Sen. Sherrod Brown (D-OH) said that his Republican colleagues voted to acquit Trump because they are afraid of what he might do to them.
For the stay-in-office-at-all-cost representatives and senators, fear is the motivator. They are afraid that Mr. Trump might give them a nickname like “Low Energy Jeb” and “Lyin’ Ted,” or that he might tweet about their disloyalty. Or — worst of all — that he might come to their state to campaign against them in the Republican primary. They worry:
“Will the hosts on Fox attack me?”
“Will the mouthpieces on talk radio go after me?”
“Will the Twitter trolls turn their followers against me?”
My colleagues know they all just might. There’s an old Russian proverb: The tallest blade of grass is the first cut by the scythe. In private, many of my colleagues agree that the president is reckless and unfit. They admit his lies. And they acknowledge what he did was wrong. They know this president has done things Richard Nixon never did. And they know that more damning evidence is likely to come out.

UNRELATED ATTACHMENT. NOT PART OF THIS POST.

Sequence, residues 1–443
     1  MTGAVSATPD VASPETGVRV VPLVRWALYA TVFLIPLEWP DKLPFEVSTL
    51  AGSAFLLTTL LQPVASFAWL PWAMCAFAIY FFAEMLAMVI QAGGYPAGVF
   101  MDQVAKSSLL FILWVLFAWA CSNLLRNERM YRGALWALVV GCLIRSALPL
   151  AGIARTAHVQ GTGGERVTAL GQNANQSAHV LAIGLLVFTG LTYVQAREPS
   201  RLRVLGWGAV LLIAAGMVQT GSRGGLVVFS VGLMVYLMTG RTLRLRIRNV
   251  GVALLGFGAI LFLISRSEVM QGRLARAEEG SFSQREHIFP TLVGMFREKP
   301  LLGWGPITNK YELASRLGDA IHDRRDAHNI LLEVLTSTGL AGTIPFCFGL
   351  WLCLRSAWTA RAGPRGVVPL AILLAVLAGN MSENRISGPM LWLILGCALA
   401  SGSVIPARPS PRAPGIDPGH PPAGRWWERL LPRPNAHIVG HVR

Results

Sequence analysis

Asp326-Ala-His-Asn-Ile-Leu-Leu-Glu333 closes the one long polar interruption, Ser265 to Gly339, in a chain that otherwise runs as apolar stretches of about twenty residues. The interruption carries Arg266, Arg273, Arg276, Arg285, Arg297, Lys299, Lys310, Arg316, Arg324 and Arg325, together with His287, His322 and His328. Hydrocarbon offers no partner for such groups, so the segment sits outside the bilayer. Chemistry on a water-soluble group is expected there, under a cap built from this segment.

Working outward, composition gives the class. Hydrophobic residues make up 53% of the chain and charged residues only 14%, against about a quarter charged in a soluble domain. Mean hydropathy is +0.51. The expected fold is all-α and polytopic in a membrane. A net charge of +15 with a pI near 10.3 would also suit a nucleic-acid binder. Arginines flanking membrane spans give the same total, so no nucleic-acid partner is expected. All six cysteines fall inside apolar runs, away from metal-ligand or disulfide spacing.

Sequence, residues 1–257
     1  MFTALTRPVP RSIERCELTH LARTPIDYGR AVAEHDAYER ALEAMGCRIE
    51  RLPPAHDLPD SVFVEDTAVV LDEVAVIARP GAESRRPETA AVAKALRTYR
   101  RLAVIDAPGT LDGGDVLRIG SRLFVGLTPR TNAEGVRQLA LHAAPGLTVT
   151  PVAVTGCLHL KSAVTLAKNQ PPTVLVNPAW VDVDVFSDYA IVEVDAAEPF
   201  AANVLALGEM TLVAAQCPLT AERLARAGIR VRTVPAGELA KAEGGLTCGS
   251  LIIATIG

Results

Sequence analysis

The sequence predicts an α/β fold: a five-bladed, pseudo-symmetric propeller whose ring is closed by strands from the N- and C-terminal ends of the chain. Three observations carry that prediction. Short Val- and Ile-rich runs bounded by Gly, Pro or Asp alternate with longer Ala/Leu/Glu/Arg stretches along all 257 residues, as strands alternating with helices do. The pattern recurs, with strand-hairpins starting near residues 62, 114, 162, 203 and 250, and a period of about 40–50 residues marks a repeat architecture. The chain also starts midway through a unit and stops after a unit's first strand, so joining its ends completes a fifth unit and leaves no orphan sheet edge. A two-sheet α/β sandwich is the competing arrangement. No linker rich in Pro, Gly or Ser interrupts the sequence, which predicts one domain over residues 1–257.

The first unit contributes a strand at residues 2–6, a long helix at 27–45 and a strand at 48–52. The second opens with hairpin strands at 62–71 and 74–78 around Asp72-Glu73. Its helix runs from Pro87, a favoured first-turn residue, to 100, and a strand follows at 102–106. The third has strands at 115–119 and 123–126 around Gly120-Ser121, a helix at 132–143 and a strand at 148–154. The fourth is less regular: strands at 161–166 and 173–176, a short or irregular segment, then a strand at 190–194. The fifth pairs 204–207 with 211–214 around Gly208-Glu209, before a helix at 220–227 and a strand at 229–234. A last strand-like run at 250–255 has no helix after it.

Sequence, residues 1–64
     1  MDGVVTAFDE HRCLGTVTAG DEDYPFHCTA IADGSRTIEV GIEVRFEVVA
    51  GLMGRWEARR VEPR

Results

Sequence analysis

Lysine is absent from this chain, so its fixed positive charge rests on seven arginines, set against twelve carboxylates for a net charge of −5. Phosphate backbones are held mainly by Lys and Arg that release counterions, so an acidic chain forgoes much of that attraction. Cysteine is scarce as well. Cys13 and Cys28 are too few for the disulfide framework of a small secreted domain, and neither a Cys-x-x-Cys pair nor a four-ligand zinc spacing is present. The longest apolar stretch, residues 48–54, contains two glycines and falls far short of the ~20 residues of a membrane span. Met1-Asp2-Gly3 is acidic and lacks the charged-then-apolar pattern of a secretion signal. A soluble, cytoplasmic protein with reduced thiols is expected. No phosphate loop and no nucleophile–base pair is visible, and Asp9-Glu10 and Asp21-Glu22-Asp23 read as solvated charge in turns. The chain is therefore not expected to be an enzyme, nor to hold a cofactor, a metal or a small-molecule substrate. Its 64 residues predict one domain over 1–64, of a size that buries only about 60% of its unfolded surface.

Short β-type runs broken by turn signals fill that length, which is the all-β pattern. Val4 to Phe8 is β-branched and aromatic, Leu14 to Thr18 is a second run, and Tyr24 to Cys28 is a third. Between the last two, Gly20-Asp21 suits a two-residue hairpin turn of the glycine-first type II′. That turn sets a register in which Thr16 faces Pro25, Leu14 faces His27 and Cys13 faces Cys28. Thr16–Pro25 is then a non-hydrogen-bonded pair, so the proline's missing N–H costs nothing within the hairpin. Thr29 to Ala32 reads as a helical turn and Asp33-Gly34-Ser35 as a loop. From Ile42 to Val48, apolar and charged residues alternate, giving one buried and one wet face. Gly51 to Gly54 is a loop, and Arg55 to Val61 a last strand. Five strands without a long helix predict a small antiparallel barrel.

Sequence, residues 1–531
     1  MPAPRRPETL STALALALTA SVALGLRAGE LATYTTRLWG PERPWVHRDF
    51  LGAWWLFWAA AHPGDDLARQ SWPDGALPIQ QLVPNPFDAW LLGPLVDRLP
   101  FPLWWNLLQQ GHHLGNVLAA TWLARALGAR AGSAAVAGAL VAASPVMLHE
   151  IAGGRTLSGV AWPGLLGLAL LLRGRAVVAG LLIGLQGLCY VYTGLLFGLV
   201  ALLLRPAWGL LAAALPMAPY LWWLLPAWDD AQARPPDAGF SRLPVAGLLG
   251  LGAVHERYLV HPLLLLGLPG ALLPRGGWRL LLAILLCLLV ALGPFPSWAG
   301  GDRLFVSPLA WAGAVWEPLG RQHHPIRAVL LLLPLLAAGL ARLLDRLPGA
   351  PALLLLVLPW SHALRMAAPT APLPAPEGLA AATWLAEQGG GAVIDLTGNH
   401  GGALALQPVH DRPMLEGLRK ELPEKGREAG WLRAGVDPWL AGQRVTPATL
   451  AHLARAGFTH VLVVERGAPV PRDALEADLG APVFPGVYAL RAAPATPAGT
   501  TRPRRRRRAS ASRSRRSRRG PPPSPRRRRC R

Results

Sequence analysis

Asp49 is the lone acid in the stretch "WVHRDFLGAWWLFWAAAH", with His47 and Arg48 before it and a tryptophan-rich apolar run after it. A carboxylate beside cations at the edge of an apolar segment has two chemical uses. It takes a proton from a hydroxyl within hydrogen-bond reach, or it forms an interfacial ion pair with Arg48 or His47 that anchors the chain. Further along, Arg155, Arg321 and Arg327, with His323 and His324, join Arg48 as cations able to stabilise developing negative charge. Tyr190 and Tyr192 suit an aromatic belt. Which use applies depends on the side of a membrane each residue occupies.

History does not look kindly on those who cower at times when courage is required. The Republicans from the safe red states will keep their seats, some Republican incumbents will lose in the fall due to this vote, but the Senate has been changed forever.
A body that was once a role model for those seeking democracy around the world was too afraid of a potentially senile delusional tweeter to protect the country and the Constitution.
The moment that Senate Republicans gave in to their fears was a dark day for American democracy that is going to linger for years to come.
Mr. Easley is the founder/managing editor, who is White House Press Pool, and a Congressional correspondent for PoliticusUSA. Jason has a Bachelor’s Degree in Political Science. His graduate work focused on public policy, with a specialization in social reform movements.
Awards and Professional Memberships
Member of the Society of Professional Journalists and The American Political Science Association